Morro Bay Fishermen, PG&E Compensation Negotiations — ‘Light Years Apart’
No Fishing, No Fish, No Compensation
On September 1 Mark Tognazzini, a member of the Morro Bay Commercial Fishermen’s negotiation team, told KSBY-TV in San Luis Obispo that negotiations with PG&E over compensation for seasonal losses to the fishing industry and fisheries from their upcoming high-energy seismic test off the coast had stalled and that the two sides were “light years apart.”
One week later, on September 8, Mr. Tognazzini, who owns the Dockside Restaurants and fish market on Morro Bay’s Embarcadero, told The ROCK that the fishermen and PG&E are “even further apart now that they were before.”
And it doesn’t look like that galactic gap will be closing very much anytime in the foreseeable future.
The sides are so far apart on the dollar value of the losses to fishermen as a result of the PG&E’s high-decibel California Coastal Seismic Imaging Test, says Mr. Tognazzini, that they are currently in the process of trying to select a mediator, which PG&E will pay for, from a narrowed list. Meetings, however, are few and far between, and it remains unclear if mediation will actually net a settlement prior to the test or produce a legally binding one. The lack of a compensation agreement will not delay or stop the test.
Mr. Tognazzini is not optimistic about a positive outcome for the fishermen. “I think PG&E comes in and does what they want to do. They’ll have a claims process in that will be so bogged down that guys will give up,” he says. “In every meeting we have they always say, oh, we gotta go back and talk to the guys in charge. We bring the right guys to meeting to make decisions; they never bring the right guys to the meetings. It’s always somebody else they gotta go talk to.
“Right now we’re trying to pick a mediator, and they’ve eliminated a couple of really good mediators off the list,” he said. “We’re trying to agree on a mediator, and this is just to get to an MOU, in order words, a memo of doing business with them. We’ve got nothing in writing from them. They talk about this $1.3 million (offer) – this has just been tossed around a couple of times. What that is, that is their data they put together on the catch from ‘the racetrack’ area (of the test) only. Is this (test) going to cover 10 miles, 20 miles, 30 miles? It’s a little more far-reaching (than PG&E acknowledges)…”
Mr. Tognazzini is just as concerned about marine mammals, and is worried that PG&E has already divided and conquered the process by negotiating separately with environmental groups and other interested parties, making negotiations with the fishermen even more difficult.
“I’m willing to negotiate with them, but I think they have to look more far-reaching. I think there’s a little hype on both ends, and I think there’s more truth in the middle someplace. I know there’s immediate larvae kill within three to five meters of the guns. They say it’s inconsequential.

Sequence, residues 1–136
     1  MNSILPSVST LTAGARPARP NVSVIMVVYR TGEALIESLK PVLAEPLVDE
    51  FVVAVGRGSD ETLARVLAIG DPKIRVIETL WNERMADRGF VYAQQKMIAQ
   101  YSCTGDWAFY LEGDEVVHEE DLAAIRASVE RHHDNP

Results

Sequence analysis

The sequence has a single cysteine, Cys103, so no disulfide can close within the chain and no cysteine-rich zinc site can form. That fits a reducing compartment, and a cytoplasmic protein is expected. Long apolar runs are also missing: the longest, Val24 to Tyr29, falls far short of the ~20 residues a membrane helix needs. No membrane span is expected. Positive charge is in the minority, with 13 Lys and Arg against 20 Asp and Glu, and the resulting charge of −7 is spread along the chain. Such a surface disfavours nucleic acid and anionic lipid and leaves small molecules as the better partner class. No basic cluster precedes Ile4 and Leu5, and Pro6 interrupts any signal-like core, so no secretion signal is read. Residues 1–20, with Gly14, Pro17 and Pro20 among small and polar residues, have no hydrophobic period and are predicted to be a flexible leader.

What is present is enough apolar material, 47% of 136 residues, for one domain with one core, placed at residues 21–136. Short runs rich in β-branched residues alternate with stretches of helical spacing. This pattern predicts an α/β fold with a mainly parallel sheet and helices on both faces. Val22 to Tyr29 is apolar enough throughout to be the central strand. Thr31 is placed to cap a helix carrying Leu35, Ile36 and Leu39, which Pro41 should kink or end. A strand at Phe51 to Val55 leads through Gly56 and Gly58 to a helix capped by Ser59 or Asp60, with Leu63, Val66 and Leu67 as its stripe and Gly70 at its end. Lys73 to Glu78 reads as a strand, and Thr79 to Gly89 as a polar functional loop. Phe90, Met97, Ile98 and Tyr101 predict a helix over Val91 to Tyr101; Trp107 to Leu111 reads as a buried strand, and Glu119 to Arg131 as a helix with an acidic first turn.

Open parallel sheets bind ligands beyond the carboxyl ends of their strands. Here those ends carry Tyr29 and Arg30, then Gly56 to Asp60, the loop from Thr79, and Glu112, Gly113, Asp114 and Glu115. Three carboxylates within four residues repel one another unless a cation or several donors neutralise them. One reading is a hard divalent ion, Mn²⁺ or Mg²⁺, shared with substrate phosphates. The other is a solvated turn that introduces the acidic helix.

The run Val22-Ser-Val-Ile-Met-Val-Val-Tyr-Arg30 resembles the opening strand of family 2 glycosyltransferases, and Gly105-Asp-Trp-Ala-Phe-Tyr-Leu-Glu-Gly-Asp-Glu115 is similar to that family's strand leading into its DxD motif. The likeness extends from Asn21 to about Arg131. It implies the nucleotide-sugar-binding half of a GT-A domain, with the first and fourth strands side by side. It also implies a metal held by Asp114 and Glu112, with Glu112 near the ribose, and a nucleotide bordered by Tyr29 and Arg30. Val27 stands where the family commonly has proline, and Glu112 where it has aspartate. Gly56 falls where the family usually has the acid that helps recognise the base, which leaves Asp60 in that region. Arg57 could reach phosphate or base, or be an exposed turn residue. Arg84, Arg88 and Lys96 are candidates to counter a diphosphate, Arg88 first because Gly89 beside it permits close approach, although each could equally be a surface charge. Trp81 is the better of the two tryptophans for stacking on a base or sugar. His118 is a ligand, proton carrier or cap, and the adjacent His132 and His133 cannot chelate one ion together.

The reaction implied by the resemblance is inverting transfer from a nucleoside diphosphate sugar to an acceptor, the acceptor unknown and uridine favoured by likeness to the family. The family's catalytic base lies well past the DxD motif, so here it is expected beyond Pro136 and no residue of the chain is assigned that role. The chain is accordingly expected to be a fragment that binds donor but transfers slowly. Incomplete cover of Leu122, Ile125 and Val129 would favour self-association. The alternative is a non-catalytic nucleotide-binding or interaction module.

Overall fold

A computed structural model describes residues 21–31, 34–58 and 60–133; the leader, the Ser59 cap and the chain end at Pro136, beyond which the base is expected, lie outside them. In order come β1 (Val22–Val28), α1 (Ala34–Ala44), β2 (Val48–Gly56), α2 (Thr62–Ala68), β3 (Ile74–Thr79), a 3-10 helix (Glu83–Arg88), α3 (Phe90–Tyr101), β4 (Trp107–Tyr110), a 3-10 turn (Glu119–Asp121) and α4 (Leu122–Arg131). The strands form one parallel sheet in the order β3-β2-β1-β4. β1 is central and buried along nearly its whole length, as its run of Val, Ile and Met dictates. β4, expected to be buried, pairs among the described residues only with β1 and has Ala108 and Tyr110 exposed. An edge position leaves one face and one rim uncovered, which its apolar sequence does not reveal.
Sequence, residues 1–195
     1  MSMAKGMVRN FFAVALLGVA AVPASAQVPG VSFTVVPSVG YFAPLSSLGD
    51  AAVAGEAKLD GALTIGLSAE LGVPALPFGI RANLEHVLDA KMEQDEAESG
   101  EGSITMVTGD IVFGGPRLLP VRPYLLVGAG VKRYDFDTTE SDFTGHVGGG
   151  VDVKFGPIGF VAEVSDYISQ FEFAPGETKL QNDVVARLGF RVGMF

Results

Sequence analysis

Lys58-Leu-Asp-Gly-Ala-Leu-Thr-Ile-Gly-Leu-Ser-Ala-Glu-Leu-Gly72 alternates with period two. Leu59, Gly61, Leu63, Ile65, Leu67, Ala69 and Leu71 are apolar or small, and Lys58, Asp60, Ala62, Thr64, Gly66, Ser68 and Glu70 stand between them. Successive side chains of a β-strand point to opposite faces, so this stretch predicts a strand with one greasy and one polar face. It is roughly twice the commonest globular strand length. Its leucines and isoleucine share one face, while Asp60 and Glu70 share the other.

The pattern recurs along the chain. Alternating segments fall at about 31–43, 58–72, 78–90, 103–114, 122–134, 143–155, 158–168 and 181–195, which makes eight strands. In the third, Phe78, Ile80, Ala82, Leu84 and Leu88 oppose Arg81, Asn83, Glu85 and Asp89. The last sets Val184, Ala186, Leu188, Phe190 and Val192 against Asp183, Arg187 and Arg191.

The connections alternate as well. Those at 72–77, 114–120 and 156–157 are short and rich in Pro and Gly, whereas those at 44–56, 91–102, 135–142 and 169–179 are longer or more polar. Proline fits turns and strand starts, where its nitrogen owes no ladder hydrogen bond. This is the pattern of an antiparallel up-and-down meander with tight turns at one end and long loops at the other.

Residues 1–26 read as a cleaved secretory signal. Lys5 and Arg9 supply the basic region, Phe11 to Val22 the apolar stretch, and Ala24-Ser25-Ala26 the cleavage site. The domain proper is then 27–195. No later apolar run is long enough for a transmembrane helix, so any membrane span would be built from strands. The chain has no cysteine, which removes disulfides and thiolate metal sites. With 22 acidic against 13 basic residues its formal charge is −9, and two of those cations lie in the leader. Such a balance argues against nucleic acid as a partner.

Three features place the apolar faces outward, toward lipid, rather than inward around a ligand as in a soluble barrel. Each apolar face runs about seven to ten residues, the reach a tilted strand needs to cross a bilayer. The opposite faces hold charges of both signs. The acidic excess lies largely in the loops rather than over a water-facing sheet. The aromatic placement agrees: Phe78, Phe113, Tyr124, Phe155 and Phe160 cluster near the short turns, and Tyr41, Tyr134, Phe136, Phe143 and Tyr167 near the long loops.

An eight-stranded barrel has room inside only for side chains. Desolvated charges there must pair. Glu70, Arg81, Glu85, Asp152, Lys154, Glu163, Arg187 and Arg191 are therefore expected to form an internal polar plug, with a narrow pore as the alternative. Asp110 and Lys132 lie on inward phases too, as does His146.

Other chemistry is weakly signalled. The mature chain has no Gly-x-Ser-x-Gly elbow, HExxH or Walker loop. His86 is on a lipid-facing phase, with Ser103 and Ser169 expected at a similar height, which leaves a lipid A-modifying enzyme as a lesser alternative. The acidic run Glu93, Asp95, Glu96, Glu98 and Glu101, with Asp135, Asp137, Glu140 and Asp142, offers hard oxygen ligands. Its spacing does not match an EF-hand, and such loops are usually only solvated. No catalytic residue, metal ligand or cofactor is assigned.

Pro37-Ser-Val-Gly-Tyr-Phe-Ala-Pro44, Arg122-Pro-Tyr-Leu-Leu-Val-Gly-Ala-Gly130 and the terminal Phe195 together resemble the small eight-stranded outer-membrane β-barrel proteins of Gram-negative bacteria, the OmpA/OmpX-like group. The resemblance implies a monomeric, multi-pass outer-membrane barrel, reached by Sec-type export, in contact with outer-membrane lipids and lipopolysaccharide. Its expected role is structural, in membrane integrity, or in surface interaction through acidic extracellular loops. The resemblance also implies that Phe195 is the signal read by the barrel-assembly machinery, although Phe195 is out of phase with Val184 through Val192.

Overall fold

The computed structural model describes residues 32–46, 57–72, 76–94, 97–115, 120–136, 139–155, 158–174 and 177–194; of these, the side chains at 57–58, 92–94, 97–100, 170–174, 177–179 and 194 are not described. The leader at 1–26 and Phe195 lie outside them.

“In other words, if you take and extrapolate out the bio mass that gets killed because air guns travel in part of the ocean that all living forms are in that you can hardly see [then it's inconsequential]. It’s where all the light is, where all the oxygen is; abalone live up there, sea urchin larvae live up there, rockfish, all the larvae live in the zone where the air guns go through. Every time they fire a gun, 18 different guns, three to five meters from that gun, everything is killed. Every 20 seconds, 24 hours a day,” he said. “To PG&E it’s inconsequential because they’re comparing it to 2.5 million gallons of sea water, and killing everything in that that goes into (Diablo Canyon) every day, so it is inconsequential compared to that, but that’s twisted.”
One of the reasons Mr. Tognazzini is on the negotiating team is that he has first-hand knowledge of the seismic testing process and what it does to fish. His boat was chosen for a geophysical survey and study conducted in 1986. “It wasn’t done to this intensity,” he said, “but there was geophysical work going on and we had the same complaints then that we have now.”
The half-million-dollar 1987 study, “Effect of Sounds From a Geophysical Survey Device on Fishing Success,” Mr. Tognazzini said, “shows at a 190 decibels using a single air gun results in a 52% reduction in catch. This study doesn’t begin to cover what you have going long-term.”
The study also included a startle-response test on fish in an enclosure in Cayucos. “It’s germane to this area, so it’s powerful evidence for what the test does. It never addressed the long-term issue. It was only about the behavior difference patterns in rockfish; it’s not about what it might do to larvae, it’s not about marine mammals.
“It’s strictly about behaviors,” Mr. Tognazzini said, “and if you just take that at face value — at 190 decibels, one gun, reduces the catch by 52% — it’s giant.”
PG&E’s upcoming $64-million 3D seismic survey will probe hundreds of square miles of ocean with 18 air guns blasting 240 to 260 decibels of sound, which, according to how science measures soundwaves traveling through water, will multiply the impact on area marine life by at least 20 times.
The Morro Bay Commercial Fishermen’s Organization believes the PG&E test should not take place, and that PG&E already has sufficient information about fault lines surrounding the Diablo Canyon Nuclear Power Plant from previous tests to implement all necessary safety measures now — without another test that will significantly destroy marine life.
Click here to read the complete Rockfish study.